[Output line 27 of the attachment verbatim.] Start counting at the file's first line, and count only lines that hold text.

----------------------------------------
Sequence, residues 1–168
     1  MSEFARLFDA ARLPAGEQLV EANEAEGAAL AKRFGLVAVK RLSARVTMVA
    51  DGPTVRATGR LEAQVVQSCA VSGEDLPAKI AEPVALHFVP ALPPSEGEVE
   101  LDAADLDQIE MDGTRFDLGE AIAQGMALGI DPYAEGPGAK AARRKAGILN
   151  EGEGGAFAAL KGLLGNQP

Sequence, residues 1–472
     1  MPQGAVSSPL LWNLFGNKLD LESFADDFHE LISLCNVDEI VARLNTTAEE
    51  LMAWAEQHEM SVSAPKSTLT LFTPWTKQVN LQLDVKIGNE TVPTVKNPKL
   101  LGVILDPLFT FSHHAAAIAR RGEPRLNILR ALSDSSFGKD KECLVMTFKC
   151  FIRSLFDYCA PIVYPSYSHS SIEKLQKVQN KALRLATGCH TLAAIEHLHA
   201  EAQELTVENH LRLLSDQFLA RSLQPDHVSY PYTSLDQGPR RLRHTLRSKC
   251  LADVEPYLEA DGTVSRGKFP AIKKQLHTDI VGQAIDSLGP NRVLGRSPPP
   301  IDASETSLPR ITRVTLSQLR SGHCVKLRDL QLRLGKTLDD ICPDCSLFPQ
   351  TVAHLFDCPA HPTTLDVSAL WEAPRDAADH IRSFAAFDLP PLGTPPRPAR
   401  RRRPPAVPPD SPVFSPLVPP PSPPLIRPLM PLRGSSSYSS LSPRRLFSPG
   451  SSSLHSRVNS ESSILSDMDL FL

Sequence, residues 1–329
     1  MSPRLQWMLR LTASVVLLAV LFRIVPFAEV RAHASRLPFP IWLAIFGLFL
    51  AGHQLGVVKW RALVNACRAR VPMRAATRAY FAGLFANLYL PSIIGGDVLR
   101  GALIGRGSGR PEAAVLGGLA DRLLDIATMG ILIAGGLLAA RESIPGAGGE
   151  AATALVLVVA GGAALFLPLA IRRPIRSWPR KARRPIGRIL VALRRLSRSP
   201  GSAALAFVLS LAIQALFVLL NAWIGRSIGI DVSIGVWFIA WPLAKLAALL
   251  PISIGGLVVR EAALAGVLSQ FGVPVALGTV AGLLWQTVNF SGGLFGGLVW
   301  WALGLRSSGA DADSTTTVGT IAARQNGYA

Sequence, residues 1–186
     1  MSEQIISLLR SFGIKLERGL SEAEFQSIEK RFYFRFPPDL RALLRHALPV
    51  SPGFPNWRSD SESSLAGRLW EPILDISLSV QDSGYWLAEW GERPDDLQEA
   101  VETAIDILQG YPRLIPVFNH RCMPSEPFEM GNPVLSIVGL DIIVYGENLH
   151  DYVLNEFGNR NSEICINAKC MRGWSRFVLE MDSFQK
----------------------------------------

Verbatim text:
    51  SPGFPNWRSD SESSLAGRLW EPILDISLSV QDSGYWLAEW GERPDDLQEA